Parenting, especially with your first born, is a learning experience. From the moment you find out you’re expecting you’re under a lot of pressure to get everything right. After all, this little life depends on you and the last thing you want to do is put your child at risk. Like, even though I consider myself kind of a natural at this, I’ve still questioned my parenting skills at least a dozen times already. I think it’s a natural part of learning the job. Others realize this, too. Which is why, I think, there’s always a steady stream of people who are so eager to share their advice out of love and experience.
But, as I’ve learned, not all advice is good advice – and not all advice is wanted advice.
Let me start out with this: I appreciate advice from all sources. Young mothers like myself, mommy blogs, even my mother-in-law ;). Each person brings a new perspective and comes from a place of wanting me to succeed at parenting. However, sometimes people confuse “well meaning suggestions for the care and maintenance of baby” with “the only 100% scientifically proven way to keep your baby alive ever.”
One bit of advice that I’d get quite often is to just let the baby cry; eventually he’ll fall asleep. I know there have been millions of mothers who’ve raised happy, healthy babies following this method, but it’s just not my style. I’m more of a scoop him up and cuddle him until he feels better kind of mum. In fact, one of the most amazing things so far has been getting to know him – his mannerisms, his cries, his facial expressions. I’ve gotten pretty good at figuring out the difference between “I’m gassy and it’s making me uncomfortable” and “I left you a surprise in my diaper” or “I’m hungry, bring on the boobies.” As a parent, you have the right and responsibility to pick and choose what advice works for you and your baby.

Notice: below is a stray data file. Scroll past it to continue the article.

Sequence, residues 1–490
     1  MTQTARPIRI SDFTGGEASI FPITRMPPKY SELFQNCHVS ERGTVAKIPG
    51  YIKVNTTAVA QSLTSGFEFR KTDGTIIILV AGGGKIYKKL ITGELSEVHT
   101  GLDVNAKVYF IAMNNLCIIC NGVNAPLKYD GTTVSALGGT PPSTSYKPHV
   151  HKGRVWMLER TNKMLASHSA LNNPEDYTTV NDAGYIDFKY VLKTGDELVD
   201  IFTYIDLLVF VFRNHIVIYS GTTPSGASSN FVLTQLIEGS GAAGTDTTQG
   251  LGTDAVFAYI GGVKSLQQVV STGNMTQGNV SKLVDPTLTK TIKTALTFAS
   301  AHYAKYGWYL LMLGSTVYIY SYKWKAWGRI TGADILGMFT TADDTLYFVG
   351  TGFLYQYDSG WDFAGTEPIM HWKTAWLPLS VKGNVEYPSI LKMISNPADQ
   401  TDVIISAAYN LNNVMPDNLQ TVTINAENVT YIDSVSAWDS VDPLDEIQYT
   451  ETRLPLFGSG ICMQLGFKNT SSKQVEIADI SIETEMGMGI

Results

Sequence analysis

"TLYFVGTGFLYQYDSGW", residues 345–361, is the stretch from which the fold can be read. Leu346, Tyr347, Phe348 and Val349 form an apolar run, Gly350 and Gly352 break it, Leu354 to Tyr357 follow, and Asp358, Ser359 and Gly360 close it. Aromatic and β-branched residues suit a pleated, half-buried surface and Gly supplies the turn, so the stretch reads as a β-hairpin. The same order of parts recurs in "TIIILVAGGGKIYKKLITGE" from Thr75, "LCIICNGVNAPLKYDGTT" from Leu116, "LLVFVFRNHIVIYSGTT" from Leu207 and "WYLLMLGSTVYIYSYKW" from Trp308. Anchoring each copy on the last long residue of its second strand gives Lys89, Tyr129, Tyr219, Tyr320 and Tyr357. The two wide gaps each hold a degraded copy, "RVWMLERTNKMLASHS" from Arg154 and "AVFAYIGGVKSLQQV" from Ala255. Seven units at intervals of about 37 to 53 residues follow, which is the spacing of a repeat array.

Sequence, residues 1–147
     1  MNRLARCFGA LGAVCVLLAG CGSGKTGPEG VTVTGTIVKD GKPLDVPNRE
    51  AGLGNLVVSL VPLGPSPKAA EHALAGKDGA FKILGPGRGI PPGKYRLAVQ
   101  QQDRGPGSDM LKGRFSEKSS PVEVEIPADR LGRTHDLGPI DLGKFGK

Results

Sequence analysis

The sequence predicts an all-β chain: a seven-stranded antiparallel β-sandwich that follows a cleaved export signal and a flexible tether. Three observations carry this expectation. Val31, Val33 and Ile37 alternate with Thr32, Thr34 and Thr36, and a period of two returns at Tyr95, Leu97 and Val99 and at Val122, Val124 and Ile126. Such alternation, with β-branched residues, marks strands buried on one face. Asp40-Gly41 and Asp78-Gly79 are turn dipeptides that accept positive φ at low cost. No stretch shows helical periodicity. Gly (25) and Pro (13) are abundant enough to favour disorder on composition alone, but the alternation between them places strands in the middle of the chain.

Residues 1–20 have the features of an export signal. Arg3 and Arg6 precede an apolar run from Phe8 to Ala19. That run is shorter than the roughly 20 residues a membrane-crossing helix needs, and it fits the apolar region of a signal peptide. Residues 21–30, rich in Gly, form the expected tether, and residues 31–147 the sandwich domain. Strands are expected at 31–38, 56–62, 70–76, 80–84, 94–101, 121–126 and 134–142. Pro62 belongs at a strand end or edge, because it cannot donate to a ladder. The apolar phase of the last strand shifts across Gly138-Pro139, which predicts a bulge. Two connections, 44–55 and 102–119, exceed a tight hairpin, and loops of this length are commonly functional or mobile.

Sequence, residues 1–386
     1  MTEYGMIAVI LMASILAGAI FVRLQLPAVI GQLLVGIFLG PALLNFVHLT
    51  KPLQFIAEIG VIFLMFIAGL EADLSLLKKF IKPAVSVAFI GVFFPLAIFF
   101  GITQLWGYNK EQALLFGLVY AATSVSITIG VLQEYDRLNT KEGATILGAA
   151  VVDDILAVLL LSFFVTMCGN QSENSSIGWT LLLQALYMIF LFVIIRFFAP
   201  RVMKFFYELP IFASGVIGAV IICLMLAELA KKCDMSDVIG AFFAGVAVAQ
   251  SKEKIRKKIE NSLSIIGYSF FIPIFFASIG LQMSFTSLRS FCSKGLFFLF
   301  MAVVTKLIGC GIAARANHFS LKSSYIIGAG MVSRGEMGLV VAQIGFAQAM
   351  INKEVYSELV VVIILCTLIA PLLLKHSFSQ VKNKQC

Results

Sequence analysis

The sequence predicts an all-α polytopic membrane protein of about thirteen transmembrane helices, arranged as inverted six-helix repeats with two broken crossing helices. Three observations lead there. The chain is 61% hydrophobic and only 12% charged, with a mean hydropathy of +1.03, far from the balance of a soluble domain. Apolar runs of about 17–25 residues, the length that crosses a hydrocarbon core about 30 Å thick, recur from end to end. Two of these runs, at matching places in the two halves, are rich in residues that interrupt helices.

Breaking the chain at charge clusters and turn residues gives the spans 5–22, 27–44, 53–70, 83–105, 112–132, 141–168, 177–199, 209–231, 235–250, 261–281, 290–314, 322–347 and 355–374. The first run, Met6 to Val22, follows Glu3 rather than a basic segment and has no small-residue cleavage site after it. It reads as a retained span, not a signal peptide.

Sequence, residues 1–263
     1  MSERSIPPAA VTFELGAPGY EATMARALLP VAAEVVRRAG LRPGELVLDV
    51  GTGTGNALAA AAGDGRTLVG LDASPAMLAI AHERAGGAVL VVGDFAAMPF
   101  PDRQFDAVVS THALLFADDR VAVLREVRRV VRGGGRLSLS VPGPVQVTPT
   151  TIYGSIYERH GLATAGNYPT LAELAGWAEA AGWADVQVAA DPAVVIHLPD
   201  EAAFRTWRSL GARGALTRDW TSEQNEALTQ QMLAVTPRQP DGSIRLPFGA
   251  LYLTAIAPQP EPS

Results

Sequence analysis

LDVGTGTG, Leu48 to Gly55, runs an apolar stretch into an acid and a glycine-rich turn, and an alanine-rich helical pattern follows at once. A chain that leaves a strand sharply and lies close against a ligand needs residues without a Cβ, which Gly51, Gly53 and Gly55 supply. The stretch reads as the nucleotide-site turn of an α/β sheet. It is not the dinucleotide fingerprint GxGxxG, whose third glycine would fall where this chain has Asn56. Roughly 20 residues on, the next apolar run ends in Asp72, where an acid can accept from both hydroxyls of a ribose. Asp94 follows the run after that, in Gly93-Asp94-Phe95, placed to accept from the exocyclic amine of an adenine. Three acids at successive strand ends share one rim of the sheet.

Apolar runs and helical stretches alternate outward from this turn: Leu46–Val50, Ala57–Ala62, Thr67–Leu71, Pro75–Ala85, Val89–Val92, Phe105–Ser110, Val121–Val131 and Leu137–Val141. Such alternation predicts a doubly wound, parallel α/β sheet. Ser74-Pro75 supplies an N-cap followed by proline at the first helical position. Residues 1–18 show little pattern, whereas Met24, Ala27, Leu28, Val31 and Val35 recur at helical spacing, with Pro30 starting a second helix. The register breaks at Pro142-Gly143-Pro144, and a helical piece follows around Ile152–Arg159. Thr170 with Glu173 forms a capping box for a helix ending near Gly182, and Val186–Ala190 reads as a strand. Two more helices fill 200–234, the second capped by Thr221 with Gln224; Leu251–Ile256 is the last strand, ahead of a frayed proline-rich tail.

So, what has worked for me? Well, weeding out the weird and just plain bad advice I’ve received so far, here are some bits of wisdom that I’ve taken to heart:
- Remember to look after yourself, too. If you aren’t healthy, your baby won’t be healthy either.
- If you’re breastfeeding, take care of your breasts and nipples. They’re keeping your baby alive. Show some respect.
- It’s amazing how little babies can actually do for themselves. Like regulating body temperature; if you have to put on two layers of clothing to keep warm, your baby should be wearing three.
- Find time to spend with your partner. Even if it’s just leaving baby with grandma to go grab a cup of coffee. With a newborn, any alone time feels romantic.
- These first few weeks are the hardest but the most precious. Cherish every moment – from every hungry boy cry to every mommy-baby snuggle.
Are these pretty basic tips? Absolutely. At the end of the day, you determine your parenting style. Not me. Not someone of the Internet. Not your mother-in-law. If you and your baby are happy and healthy, the rest is just the details.
Photo Credit: Stefania Orru